We can now count Hitachi among the list of companies that has formed a division to specifically target the Internet of Things (IoT). This is a move that many automation suppliers are finding necessary as they try to better manage the technologies and expertise needed to capture this important market.
Hitachi made the announcement this week at the Internet of Things World conference in Santa Clara, Calif., also introducing its new Lumada IoT core platform. Together, these moves put Hitachi in a good position to further infiltrate the IoT space and make project development faster and easier for its customers.
There are many discussions to have around this connected phenomenon. One of the favorite comments in industry is that IoT is nothing new. We’ve been doing it for years; for decades, in fact. Well, that’s debatable. Sure, industry has long had instruments throughout the plant gathering data. But what have manufacturers been doing with that data? Very little.
IoT has a lot to do with the convergence of a number of technologies—not just data but Big Data, the analytical capabilities that must go along with that data, boatloads of now cheap sensors, communications, computing power, and more. And as IoT takes hold and manufacturers try to figure out how best to leverage all these skills that have previously been interspersed throughout their companies, they are realizing that a focused team is in order.
Hitachi generated $5.4 billion in revenue last year from its IoT products and services, with 33 solutions in the market today. Hitachi Insight Group, headquartered in Santa Clara, will drive Hitachi’s IoT business and go-to-market strategy worldwide in an effort to take more of what IDC expects to be a $1.46 trillion market by 2020.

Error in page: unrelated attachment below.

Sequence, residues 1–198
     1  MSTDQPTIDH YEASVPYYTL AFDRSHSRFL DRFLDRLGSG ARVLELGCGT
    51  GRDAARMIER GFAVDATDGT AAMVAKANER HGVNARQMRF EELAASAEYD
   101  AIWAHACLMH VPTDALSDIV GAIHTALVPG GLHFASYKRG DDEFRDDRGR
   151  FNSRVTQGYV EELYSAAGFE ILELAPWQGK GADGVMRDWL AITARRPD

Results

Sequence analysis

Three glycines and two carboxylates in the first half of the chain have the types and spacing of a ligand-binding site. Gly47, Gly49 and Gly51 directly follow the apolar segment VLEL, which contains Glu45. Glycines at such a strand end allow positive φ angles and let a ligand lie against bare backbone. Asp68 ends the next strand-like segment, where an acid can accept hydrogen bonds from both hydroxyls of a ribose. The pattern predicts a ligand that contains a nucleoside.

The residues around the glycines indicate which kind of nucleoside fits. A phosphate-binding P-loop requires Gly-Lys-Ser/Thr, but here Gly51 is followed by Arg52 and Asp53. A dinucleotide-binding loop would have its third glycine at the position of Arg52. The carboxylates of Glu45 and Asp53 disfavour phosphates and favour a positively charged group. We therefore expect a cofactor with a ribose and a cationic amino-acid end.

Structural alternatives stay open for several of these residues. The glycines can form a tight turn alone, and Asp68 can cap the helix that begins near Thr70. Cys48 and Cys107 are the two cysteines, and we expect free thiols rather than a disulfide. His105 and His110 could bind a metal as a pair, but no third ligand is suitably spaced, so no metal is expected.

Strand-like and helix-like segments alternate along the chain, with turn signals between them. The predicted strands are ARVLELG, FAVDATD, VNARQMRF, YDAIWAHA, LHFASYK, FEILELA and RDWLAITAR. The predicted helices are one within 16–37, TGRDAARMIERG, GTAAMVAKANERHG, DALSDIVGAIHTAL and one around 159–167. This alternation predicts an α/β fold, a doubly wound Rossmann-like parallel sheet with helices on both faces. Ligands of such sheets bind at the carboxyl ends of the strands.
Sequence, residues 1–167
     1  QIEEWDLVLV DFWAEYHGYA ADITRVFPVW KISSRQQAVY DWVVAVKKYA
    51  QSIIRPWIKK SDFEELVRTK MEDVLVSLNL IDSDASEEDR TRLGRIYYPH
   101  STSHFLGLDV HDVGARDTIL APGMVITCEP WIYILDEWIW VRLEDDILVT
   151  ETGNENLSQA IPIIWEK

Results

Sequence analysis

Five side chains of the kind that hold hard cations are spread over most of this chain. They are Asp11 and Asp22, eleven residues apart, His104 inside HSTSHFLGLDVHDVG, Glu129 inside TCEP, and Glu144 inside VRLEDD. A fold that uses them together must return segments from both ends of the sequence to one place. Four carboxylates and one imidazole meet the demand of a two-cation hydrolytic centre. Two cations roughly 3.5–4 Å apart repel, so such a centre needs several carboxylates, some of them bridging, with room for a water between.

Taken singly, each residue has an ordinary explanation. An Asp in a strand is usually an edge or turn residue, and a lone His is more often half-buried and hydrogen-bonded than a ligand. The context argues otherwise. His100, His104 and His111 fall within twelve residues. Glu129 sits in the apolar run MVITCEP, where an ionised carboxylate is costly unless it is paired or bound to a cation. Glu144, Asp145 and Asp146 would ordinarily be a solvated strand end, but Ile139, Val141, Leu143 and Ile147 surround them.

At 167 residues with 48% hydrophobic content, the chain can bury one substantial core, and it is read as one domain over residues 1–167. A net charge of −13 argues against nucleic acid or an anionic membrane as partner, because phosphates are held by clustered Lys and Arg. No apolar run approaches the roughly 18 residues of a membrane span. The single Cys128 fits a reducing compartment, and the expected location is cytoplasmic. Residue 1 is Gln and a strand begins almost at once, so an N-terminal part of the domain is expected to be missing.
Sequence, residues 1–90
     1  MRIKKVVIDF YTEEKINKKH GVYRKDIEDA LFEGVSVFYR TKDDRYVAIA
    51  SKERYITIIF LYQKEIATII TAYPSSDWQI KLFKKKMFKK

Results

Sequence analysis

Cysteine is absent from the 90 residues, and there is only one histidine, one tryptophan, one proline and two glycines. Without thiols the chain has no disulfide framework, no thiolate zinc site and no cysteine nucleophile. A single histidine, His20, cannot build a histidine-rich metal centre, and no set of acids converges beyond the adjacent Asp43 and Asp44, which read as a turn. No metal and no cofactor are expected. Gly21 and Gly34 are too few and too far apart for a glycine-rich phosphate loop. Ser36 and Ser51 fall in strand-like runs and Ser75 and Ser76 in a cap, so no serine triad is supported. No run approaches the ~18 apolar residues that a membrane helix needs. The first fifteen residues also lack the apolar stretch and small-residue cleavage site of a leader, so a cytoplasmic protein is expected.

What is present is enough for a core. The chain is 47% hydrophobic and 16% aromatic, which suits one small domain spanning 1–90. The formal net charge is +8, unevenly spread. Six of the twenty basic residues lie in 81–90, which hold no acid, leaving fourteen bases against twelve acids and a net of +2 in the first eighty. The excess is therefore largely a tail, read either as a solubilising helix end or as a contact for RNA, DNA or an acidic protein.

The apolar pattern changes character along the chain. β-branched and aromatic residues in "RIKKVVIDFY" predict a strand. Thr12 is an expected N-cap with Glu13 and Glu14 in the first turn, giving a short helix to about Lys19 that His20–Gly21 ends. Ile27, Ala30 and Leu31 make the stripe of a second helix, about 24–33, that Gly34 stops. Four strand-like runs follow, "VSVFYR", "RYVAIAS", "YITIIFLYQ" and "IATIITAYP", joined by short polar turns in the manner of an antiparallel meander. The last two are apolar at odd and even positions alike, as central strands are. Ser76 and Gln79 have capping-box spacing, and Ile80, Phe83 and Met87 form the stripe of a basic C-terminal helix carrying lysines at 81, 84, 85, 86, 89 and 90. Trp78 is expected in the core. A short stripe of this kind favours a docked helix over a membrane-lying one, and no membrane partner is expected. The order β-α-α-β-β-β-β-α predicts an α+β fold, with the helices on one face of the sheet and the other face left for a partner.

IoT is also about bringing operations technology (OT) together with information technology (IT); about blending the physical and digital worlds. “We have a long, long history and depth of experience in both those areas,” said Sara Gardner, CTO for the newly formed Hitachi Insight Group. “We have 106 years on the industrial side, over 100 of that experience in power generation, mining, transportation and construction; over 50 years in trains and nuclear power; and over 20 years in the medical space as well. These are big, mission-critical industries. ...All of these big things benefit from IoT.”
The flip side is Hitachi’s IT heritage. “We have over 55 years in the IT industry, starting off in the mainframe space,” Gardner said. The past 20-30 years have been spent building up technologies in cloud computing and Big Data.
All of this gives Hitachi a strong point of view on the IoT space, Gardner said. But they also recognized that they had a lot of different assets and groups spread throughout the company that weren’t working together as effectively as they could. “We realized that working together would really help us accelerate the speed at which we could deliver these innovations,” she said. “So we’ve been working for the last few years to formalize, from the top down, a global business for driving the IoT business and strategy worldwide.”
The announcement regarding Hitachi Insight Group comes on the heels of the reorganization of some 960 companies inside Hitachi into 12 focused business units—rail, building systems, urban solutions, defense systems, healthcare, government, financial institutions, water, manufacturing and commerce, energy solutions, electric power, and nuclear power. “Hitachi Insight Group goes across all those different groups,” Gardner said. “Rather than having all these business units innovating separately, we’re bringing all that together.”